The library at Westerville South High School has seen some changes over the years.
When the library first opened in 1960, it was the size of a classroom. Soon it was expanded to the large space it currently is, but someone decided it was a good idea to fill it with wall-to-wall shelves — ideal for a large collection, less than ideal for a high school space.
Eventually, it became the big open space I inherited with bookcases along the walls and seating for 50+ students and staff. I am lucky to have such a large and open space. After working in several setups of library spaces, that I know for sure.
But now it’s time for another chapter in the library’s story.
The building at South has been growing and changing these past couple of years. We added a new gym, an entirely new wing, and are currently renovating the wings that were added to the original building in the 90s.
I am fortunate to be one of the spaces that is getting renovated this summer. Not everything in the plan is what I would do as a librarian, but it is what it is and the students, staff, and myself will do everything to continue the homey environment that we’ve worked hard to create. (Did you notice I said we? Because it’s not my library. See my post on that here).
I got notice earlier this year that I would have to be all packed up and ready to vacate on the teacher’s last day of school (May 26). Because it is a full renovation, I could not leave anything in here – nothing on the shelves, nothing in the storage area, nothing in my office or other areas – zilch. Zero. Nada. And just thinking about that stressed me out.
South is both an AP and IB school, which means from the middle of April (state testing) to the end of May, we are testing in the library. (See my post about programming when you can’t use the library here). That makes it extremely difficult to pack up everything in the library – the sound of packing tape ripping off the roll isn’t exactly the best test environment.
The Waiting Game
I wanted to keep the library open to checking out books and co-teaching classes for as long as I possibly could. So when there was an hour or two here or there in which we weren’t testing, I would open the library up to students.
I wanted students to have access to the books for as long as possible, especially because so many of the English teachers here have them complete an independent reading project at the end of the year. That, and I just can’t stand for students not to have access to books.
So I waited to pack.
Looking back, it is a toss up of whether I should have started packing sooner and shut down checking out books earlier or if I should have just done what I did. As I write this with only four days left of school, I will be honest and say that I am freaking out. When I came to South, I did some purging and I’ve weeded over the years (especially non-fiction), but you never think about how much stuff you have until you go to pack it all up.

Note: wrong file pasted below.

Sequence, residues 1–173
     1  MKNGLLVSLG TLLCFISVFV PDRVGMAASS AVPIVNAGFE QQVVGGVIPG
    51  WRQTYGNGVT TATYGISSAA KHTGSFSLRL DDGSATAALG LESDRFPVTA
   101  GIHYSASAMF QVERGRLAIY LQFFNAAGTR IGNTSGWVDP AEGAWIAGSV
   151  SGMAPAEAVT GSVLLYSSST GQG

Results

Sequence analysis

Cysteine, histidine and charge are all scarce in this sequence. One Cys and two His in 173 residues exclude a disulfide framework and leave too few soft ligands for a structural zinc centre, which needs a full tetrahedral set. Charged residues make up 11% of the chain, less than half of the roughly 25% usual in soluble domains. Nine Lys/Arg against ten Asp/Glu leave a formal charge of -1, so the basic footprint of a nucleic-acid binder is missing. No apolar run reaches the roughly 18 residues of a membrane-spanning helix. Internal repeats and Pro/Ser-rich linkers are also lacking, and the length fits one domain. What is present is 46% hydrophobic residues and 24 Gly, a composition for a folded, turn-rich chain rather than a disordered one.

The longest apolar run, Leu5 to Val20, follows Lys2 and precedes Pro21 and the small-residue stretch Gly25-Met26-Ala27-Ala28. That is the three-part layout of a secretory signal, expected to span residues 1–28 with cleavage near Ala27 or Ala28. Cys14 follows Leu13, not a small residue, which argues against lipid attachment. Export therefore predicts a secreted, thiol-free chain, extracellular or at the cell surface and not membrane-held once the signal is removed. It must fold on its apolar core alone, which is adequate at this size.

I set my book due date earlier than I ever have – nine school days before the end of the year. And I am thinking now that might have been too late in the month of May, especially with all the testing. I’m running check-out reports sent via email to students and their guardians (if they have an email listed) and that is getting some back, but not enough. I’m guilty of letting a student have as long as they want with a book because I recognize that everyone reads at a different pace, so I am lax with due dates. (Note to self: be better at due dates/renewals/and sending overdue notices next year).
Order of Packing
What did I pack first?
To be honest, I packed the nonfiction section first. Many of my students do not read non-fiction so I thought it would be safe to pack those. (I was right). I then packed Biographies and Memoirs. (Yes, I know they are non-fiction, but we keep them separated out at South because the English teachers do memoir and biography studies.) I then left packing the books alone for a couple of weeks.
Just in the last two weeks have I delved in and begun packing fiction. I started with the least checked-out section here – Historical Fiction. Then just this week (the last full week of school), I packed up Horror and Mystery. Then Science Fiction. Next up were Fantasy, Manga, Graphic Novels, and Realistic Fiction – my most popular sections. Because there is still so much to do, I will be coming in on Sunday to work. Shout out to my editor and best friend, Jen, for helping me pack!
My goal on Sunday (before the last three days of school occur) is to get all of the books packed, and my storage room (mostly) packed. Then the last few days of school there is no testing so I will be packing a lot of odds and ends to pack, mostly the circulation desk (which I am leaving for last because everyone uses it), random posters, and wall hangings too long to go into a box, and all the things that I have to stand on a super tall ladder for. (Really not looking forward to that!)
The storage room I left for last because I cannot keep an eye on the kids when I am in there and want to make sure everyone is safe in the space.
So what do I do when I’ve packed up each genre and kids are still returning books? I take and divide them by genre, alphabetize them, and put them in their own box. This way, I can have them ready to easily insert back into their respective genre once I unpack.